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Is it better to stand alone, or with your allies?
Marcus Dripps

Physiotherapy is a unique profession. We have a strong history and tradition of utilising a range of interventions to address injury, pain, and neuromuscular disorders. The relationships we form with our patients are unique as well, often as a result of the time we spend with people when they are at their most vulnerable.

The axiom 'the only constant is change' is certainly true in our profession and in the way that healthcare is practiced.

The public sector has led the evolution of working with multidisciplinary teams, utilising the unique skills and experiences of practitioners of different professions. As a result, there has been a blurring of traditional roles. In private settings and primary care the start of an evolution from referral network relationships to more interdisciplinary care models is evident in many workplaces. This can lead to some challenges at an individual, program or wider system level.

One of the unintended consequences of the evolution of interdisciplinary practice is the rise of the use of the term 'allied health' in describing people in the health system that are not doctors or nurses. This rise can lead to a loss of identity of individual professions in some contexts, and at times raises the ire of practitioners: 'I’m not an allied health practitioner, I’m a physiotherapist.'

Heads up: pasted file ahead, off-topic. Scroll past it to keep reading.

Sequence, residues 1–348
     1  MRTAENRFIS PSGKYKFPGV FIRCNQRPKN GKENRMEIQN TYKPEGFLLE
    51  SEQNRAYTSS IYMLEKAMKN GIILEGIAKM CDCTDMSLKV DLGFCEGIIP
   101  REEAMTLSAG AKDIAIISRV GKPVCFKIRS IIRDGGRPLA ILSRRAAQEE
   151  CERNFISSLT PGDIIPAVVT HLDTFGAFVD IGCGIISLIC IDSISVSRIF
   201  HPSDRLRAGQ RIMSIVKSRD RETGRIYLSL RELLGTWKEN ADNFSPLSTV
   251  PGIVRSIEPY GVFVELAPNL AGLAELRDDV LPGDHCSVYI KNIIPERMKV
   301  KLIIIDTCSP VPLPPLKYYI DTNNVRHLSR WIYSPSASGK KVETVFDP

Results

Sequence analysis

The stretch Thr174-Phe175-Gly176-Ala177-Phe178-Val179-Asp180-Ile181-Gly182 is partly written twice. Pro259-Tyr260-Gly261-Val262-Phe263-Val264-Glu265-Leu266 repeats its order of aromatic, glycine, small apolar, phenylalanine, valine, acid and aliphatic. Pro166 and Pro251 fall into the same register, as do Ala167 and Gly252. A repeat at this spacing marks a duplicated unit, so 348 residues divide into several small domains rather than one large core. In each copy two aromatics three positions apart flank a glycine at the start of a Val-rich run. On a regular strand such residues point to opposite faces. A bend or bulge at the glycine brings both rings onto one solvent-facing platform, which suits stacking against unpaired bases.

But there are some advantages in numbers; being part of a 'grouping' of professions has its benefits, both in the delivery of care and in our advocacy efforts. It is a balancing act to maintain our professional identity while being an effective part of a team in various settings.

For the last several years the APA has not been a member of AHPA (Allied Health Professions Australia). The history behind this is complex, but in 2013 we decided it was time to reconsider this.

Advocacy at a political and bureaucratic level today lends itself to collective work at times, in particular around big issues like the NDIA and workforce reform. We have now re-joined AHPA.

Being part of an allied health group for advocacy purposes can help to leverage our member voice, as can working with an allied health team in our clinical practice. This should not impact our willingness and ability to advocate for physiotherapy, but amplify our voice on common issues.

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